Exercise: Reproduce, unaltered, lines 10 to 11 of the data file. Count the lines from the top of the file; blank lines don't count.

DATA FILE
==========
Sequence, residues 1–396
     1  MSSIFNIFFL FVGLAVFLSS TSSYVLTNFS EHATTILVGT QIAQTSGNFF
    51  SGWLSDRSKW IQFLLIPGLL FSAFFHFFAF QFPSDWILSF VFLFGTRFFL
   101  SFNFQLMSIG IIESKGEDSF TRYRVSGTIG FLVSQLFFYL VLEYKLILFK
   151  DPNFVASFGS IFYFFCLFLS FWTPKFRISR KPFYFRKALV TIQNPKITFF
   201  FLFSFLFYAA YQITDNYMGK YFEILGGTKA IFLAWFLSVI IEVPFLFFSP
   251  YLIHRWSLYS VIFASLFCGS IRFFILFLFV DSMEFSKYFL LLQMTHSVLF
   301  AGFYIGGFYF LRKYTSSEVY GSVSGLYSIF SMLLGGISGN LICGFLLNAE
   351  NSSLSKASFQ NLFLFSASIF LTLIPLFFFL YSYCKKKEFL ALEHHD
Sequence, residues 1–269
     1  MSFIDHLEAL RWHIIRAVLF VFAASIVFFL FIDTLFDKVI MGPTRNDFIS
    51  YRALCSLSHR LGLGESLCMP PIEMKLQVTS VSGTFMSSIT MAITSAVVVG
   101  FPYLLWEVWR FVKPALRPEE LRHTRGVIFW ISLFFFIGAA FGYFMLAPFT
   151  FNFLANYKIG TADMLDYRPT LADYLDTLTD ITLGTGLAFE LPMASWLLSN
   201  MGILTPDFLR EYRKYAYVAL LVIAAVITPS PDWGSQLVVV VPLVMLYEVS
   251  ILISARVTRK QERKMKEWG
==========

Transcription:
Sequence, residues 1–269
     1  MSFIDHLEAL RWHIIRAVLF VFAASIVFFL FIDTLFDKVI MGPTRNDFIS